Victim support advocate Ruth Money says the death of a 16-month-old boy could have been avoided.

Police launched a homicide investigation on Sunday following the toddler's death after he succumbed to serious head injuries.

Last week the Herald reported the toddler's mother had five older children removed from her care by Oranga Tamariki - this child was not.

Asked whether she thought the death of the child was preventable, Money told the Weekend Collective on Newstalk ZB it likely could have.

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"It seems like utter madness [the child was in her care], on the outside, it seems preventable," she said.

"I don't know this case so I'm only speculating based on my experience but I would suggest ... there's all sorts of dramas going on for this whanau.

"There is alcohol, there are drugs, there's self-confidence and self-love issues."

Starship Hospital staff alerted police to the case and it is understood the child's injuries may have been deliberately inflicted.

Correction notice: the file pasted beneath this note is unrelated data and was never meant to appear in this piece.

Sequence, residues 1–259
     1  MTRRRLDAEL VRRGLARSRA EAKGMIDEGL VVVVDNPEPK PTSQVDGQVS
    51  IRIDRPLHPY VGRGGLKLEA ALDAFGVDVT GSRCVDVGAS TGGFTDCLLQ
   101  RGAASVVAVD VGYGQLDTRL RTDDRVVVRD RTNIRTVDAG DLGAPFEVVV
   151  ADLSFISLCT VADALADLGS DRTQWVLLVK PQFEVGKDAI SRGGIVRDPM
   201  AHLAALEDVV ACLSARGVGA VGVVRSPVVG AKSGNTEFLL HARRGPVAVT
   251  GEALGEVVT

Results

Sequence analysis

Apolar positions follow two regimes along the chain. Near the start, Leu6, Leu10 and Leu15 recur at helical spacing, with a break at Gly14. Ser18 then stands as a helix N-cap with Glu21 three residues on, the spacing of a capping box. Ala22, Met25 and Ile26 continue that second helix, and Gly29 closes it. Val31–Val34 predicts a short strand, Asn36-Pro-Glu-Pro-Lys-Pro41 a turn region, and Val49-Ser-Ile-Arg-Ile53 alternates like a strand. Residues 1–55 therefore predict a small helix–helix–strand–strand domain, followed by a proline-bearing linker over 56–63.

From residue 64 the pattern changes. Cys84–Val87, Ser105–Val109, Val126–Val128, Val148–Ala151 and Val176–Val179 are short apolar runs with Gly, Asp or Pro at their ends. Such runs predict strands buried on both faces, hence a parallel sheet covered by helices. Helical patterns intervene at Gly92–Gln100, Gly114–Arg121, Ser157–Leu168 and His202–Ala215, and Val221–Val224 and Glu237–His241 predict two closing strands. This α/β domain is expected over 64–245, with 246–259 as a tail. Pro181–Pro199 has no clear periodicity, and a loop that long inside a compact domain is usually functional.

Victim support advocat Ruth Money. Photo / Dean Purcell
Victim support advocat Ruth Money. Photo / Dean Purcell

The 16-month-old was rushed to hospital on June 23 around 7.30pm, however, he was pronounced dead on Saturday afternoon.

Detective Senior Sergeant Geoff Baber said the death was an "absolute tragedy" and a team of 20 investigators would work on the case.

"A scene examination has been conducted at an address in Auckland City and a post-mortem will be carried out," he said.

"We are continuing to speak with a number of people in relation to this investigation and have no further updates at this stage."

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Oranga Tamariki is the government department responsible for the wellbeing of children, specifically those at risk of harm.

Based on her own experiences and "very personal opinion", Money said the agency was not fit for purpose and changes needed to be made.

"I don't think that the service is delivering everything that it needs to do to make sure the community or whānau flourish.

"When you take [children] out of a dangerous environment and allegedly put them in a safe environment, which is state care, they often come out worse than they started.

"I think the problem is bigger than all of these uplifts, absolutely we need to look at that, but we need to step back and look at humanity."

Last month Children's Commissioner Judge Andrew Becroft announced a review into Oranga Tamariki in relation to its uplift policies.

It followed controversy following an attempted uplift of a young Māori mother's baby from Hawke's Bay Hospital in May.